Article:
Has your foreign client been served with a Summons and Complaint or a Request for Evidence? Do you need to determine whether the service complied with relevant treaties and laws?

Our in-house experts, including attorneys and paralegals, can advise on whether such documents are compliant with applicable treaties and the procedural requirements of both the country where the service originated and the country where your client resides.

In many instances, LLS is able to assist you in preparing a persuasive affidavit in support of a Motion to Quash service.

Rely on LLS to:

  • Check that service complied with the forum court
  • Determine if service complied with international treaties
  • Assist with the preparation of a Motion to Quash
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Why Quash International Service of Process?

The key word in the above question is international.

Unlike domestic service of process, the time required for international service, let alone the cost, can be a significant barrier to a plaintiff. Indeed quashing service can lead to stopping adversarial litigation at the outset of a case.

In particular, the time delay incurred by forcing a plaintiff to attempt an additional serve can run out the clock on pending litigation. Unlike domestic service, each attempt at international service can require months to effect.

At the very least, a time delay aids opposing counsel by ensuring considerably more time to prepare a defense.

Finally the cost of a second (or third) attempt at international service (especially when translation is required) can be prohibitive because the cost of quashing service is usually much less than the cost of serving (or re-serving) process internationally.

These facts are all too often misunderstood by counsel who are accustomed to the relatively low barriers in terms of time and cost encountered in domestic service of process.

But how likely is it that international service can be quashed?

The Probability of Quashing International Service of Process

While there’s no such thing as a sure thing in the law, there’s a high probability of successfully quashing international service of process when such service was done by less experienced individuals or firms.

Given the complexity of international law and the multiplicity of jurisdictions involved (as many as five if federal systems of government exist in both the originating and receiving countries) there are multiple grounds available to quash service.

Therefore in most cases, when a defendant or opposing counsel seeks to quash service, the plaintiff will end up having to re-serve or even re-file the litigation with the court. It may even result in litigation being permanently barred by exceeding a statute of limitation.

Why Consult with LLS Before You Attempt to Quash Service?

Quite simply, LLS assists on more international service requests in a week than most litigators see in a lifetime.

The professional staff at LLS know the valid reasons to quash international service. Rather than risk angering a judge and incurring sanctions and other penalties, consult with our professional staff to evaluate your probability of success.

We can help you avoid obvious and not so obvious missteps like inadvertently acknowledging — in your attempt to quash service — that the lawsuit exists and therefore that service was in fact effective.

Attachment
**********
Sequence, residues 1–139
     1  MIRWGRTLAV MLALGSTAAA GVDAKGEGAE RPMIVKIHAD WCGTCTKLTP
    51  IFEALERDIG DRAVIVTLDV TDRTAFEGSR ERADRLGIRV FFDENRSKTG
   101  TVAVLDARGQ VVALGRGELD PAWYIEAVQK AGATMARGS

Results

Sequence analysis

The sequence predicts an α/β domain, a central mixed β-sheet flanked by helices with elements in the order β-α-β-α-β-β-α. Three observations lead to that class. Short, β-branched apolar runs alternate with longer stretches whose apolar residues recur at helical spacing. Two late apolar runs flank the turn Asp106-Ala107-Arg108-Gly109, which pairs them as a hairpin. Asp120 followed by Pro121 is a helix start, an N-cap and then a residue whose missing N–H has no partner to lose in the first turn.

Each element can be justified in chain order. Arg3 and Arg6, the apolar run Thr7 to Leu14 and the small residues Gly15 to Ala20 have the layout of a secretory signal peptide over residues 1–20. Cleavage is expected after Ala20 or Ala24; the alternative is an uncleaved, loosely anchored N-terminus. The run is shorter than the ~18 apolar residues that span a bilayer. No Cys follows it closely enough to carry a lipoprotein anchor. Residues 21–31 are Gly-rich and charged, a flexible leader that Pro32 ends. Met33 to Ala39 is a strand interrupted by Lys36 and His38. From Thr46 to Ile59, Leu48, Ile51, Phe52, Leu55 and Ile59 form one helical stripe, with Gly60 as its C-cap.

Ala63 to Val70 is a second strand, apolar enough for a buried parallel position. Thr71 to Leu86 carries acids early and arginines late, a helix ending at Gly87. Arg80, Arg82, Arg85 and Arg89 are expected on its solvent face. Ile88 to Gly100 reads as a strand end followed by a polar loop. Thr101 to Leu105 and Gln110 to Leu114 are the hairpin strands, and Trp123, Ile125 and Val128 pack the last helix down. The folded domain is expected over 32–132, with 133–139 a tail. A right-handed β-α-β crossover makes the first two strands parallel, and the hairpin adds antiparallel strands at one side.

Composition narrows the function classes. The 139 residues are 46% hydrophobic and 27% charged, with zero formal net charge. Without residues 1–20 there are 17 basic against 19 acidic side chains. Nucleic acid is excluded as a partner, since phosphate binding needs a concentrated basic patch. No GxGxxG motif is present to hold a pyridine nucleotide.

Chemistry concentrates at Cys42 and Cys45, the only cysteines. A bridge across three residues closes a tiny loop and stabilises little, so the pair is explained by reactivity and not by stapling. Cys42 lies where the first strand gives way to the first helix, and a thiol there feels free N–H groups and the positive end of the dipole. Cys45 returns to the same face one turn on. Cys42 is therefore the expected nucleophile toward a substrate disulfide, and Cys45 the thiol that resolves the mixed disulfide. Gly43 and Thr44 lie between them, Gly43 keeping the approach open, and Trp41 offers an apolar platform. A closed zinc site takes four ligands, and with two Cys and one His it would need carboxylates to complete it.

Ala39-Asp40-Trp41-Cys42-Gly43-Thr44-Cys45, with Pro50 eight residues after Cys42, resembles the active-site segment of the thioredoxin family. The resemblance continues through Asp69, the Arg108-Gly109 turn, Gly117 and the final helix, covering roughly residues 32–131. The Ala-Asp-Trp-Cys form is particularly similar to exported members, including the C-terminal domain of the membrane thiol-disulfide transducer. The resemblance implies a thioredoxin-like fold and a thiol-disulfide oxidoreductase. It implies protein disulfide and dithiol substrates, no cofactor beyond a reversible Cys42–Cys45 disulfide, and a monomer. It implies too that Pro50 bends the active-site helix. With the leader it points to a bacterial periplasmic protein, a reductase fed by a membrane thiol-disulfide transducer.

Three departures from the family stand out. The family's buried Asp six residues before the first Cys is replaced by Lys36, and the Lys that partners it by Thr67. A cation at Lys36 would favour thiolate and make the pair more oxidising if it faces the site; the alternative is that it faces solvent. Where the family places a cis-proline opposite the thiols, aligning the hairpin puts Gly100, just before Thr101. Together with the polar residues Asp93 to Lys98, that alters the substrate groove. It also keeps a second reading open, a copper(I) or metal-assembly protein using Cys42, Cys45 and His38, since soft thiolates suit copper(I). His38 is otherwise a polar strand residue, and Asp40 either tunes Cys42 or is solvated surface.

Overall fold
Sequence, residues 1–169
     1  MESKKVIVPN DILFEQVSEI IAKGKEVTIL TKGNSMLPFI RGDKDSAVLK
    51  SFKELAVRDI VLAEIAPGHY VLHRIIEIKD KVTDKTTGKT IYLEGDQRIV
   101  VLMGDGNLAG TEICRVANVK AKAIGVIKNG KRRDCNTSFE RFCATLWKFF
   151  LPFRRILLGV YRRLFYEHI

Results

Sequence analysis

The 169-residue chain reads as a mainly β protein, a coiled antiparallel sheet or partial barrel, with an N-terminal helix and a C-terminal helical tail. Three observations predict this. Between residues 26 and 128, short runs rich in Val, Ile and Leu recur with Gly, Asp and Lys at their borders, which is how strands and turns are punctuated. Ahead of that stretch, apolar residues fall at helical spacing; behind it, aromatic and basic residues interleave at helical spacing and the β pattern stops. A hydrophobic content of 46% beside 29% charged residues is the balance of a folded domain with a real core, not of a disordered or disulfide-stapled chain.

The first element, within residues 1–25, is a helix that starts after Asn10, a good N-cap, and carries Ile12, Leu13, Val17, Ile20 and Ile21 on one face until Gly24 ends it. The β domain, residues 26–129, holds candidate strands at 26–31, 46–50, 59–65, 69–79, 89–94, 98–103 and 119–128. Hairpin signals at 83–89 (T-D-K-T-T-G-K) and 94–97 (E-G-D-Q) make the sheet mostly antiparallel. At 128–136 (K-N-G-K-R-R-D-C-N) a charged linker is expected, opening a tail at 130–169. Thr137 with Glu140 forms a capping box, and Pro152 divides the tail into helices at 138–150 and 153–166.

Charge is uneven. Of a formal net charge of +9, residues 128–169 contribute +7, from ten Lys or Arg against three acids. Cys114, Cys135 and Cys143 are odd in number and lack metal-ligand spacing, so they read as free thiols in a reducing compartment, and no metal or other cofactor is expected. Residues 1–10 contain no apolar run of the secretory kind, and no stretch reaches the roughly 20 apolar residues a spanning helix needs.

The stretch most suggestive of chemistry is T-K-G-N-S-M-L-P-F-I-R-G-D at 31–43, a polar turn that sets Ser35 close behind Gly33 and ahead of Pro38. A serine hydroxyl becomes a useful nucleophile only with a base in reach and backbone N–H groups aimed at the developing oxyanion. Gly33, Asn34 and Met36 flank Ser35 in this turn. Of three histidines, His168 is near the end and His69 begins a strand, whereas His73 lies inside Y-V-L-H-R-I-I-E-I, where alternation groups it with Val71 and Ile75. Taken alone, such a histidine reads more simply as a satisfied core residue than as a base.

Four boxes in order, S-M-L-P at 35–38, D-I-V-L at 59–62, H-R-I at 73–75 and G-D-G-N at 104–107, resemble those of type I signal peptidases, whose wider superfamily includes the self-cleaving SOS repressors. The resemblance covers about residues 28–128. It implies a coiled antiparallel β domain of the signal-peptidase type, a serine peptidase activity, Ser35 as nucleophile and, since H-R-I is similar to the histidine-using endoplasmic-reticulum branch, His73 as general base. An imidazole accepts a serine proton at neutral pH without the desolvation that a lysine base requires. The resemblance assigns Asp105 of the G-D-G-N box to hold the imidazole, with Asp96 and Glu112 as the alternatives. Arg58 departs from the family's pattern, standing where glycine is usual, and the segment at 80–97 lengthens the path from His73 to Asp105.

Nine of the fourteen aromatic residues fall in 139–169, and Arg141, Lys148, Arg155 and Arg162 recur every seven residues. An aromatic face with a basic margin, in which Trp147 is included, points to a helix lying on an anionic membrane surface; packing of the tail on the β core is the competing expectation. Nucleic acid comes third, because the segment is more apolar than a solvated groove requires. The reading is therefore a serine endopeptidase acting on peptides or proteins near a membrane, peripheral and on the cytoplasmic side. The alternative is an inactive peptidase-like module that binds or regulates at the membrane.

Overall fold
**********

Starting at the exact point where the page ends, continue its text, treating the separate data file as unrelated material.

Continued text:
Contact LLS

Each service of US process upon a foreign litigant gives rise to unique considerations and there may be multiple grounds for challenge. You can trust the experts at Legal Language Services to thoroughly examine all of the pertinent legal issues.

Contact Legal Language Services at (913) 341-3167 for a FREE, no-obligation consultation with one of our staff attorneys or paralegals, or submit an inquiry here.

(Calling from outside the US? Add 001 before dialing our US area code.)

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Here Are Some Ways LLS Can Help Quash Service

Did Service Comply with International Treaties?

Service of process upon foreign litigants must meet stringent standards. If these standards have not been met, a litigant may be able to successfully challenge the service.

If your foreign client has been served with process, you need to ascertain whether service complied with pertinent treaties in effect in all jurisdictions involved.

This is part of our protocol when serving your documents, but it’s a common area for mistakes to happen.

Requirements of the Hague Service Convention

The Hague Service Convention is the exclusive and mandatory means of service in member countries. An LLS team member will review your Hague Certificate/affidavit of service to confirm that the requirements of the Hague Convention have been met.

There are a wide range of issues we examine to determine if someone’s service can be quashed.

Perhaps the most glaring error we find is that of the over-ambitious domestic US process server who gets on a plane and personally serves documents on your behalf. Believe us, this happens frequently.

The certificate will alert us as to whether or not a US process server or another unauthorized person was inappropriately involved in serving your documents.

This is just one of the things we can evaluate when looking to quash a service.

Compliance with the Inter-American Convention

The Inter-American Convention on Letters Rogatory and Additional Protocol is another treaty that regulates international service of process.

The US is a member of this treaty, as are many South and Central American countries. The Inter-American Convention has not been held to be the exclusive and mandatory method of service in member countries.

However, if litigants intend to enforce a judgment in a destination state where the Inter-American Convention is in effect, service must be effected pursuant to that treaty.

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